The biggest problem with the recent “T.O. dropped too many passes” excuse for keeping him out of Canton isn’t that it’s a stupid argument (it is), it’s that it feels like a Plan B effort from Hall of Fame voters to justify the snub.
Peter King of TheMMQB.com, who supports T.O.’s case for Canton, fleshed out the drops-based case for exclusion in his weekly column. And while King reiterates his position that Owens should make it, King argues that drops are relevant to the overall case.
If so, why did it take two weeks for drops to become part of the public discussion? It seems like the voters (regardless of whether they oppose Owens) have decided to supplement the extra-statistical scuttlebutt with something rooted in objective fact, now that the threshold justification for keeping Owens out of the Hall of Fame has largely failed to resonate with fans or with media members who don’t have a Hall of Fame vote.
In a close case, drops would be highly relevant. Locker-room misbehavior would be relevant, too. In situations where the performance clearly justifies enshrinement, these paper-thin barriers become even more flimsy when they emerge as a reaction to the intense criticism arising from the omission.
When Hall of Fame quarterback and Hall of Fame voter Dan Fouts went public with his opposition to Owens, Fouts said nothing about drops. Vic Carucci of the Buffalo News, the first voter to reduce his opposition to writing, said not one word about drops.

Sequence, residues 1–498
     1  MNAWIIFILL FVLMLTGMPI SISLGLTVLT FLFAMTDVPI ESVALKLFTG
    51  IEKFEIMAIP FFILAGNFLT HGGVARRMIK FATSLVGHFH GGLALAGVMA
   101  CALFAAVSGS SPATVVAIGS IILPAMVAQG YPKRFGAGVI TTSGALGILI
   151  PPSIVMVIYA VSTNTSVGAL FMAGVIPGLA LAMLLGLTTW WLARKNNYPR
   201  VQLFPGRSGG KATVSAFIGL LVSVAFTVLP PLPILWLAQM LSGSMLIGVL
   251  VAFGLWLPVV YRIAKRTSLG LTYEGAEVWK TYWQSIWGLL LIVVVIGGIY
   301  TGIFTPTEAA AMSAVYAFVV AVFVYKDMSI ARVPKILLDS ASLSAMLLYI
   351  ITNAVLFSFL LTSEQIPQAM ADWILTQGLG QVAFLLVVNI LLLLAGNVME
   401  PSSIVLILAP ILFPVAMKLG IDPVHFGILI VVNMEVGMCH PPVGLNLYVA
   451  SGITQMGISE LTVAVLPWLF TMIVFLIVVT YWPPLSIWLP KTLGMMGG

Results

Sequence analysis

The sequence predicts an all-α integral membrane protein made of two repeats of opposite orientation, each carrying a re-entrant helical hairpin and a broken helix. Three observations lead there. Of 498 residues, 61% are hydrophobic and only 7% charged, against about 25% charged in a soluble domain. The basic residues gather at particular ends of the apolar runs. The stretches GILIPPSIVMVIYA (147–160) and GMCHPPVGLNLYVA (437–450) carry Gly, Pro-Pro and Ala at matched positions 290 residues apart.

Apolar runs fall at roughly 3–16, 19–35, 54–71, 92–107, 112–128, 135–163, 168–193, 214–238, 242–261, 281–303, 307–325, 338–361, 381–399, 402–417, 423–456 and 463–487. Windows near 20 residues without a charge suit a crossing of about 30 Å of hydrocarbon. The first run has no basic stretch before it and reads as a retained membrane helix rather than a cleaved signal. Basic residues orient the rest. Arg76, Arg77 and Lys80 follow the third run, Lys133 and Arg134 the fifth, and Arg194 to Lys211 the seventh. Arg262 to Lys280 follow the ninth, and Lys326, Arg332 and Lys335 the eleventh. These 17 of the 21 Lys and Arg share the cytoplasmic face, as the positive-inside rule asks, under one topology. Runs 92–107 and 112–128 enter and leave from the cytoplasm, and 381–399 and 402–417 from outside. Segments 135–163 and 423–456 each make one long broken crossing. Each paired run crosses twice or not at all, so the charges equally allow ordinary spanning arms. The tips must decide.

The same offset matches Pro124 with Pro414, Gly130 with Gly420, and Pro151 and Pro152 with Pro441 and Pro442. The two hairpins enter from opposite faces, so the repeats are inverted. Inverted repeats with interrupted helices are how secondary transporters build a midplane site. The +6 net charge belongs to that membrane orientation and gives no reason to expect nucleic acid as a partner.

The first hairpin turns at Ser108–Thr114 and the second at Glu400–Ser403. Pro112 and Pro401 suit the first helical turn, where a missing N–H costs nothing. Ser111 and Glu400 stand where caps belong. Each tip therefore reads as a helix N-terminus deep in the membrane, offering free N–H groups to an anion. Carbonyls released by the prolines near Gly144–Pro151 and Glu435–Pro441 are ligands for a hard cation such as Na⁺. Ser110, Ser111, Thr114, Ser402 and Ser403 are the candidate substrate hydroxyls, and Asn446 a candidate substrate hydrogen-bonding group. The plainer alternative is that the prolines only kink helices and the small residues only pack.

Drops first fell into the discussion after the rejection of the “horrible teammate” and “teams couldn’t wait to get rid of him” narratives began to crumble. The drops-based argument should quickly crumble, too.
Again, in a close case, drops on the field and conduct from the sideline to the parking lot is relevant. In a slam-dunk situation, it’s not.
Consider Brett Favre. He’s the all-time leader in interceptions. He had a reputation for doing his own thing, ignoring the instructions of coaches and winging it. At least one of his former coaches — Jerry Glanville — surely would have some bad things to say about him. (Brad Childress and Eric Mangini might, too.) Favre was hardly a model teammate, as Jeff Pearlman’s Gunslinger demonstrates regarding Favre’s alleged treatment of Aaron Rodgers. Favre tormented the Packers with his annual will-I-or-won’t-I retirement musings, setting the stage for the arrival of Rodgers. Favre eventually retired and then unretired, creating a mess for the Packers before being traded to the Jets, where a workplace sexual harassment situation resulted in Favre being fined for lying to the league office.
Did any of that keep Favre out of Canton? Nope. Favre got in on the first ballot, without even a discussion or debate. (It literally took 30 seconds to put Favre’s case to rest.)
For Owens, the debate continues. The fact that the goalposts keep moving demonstrates how weak the case against him is.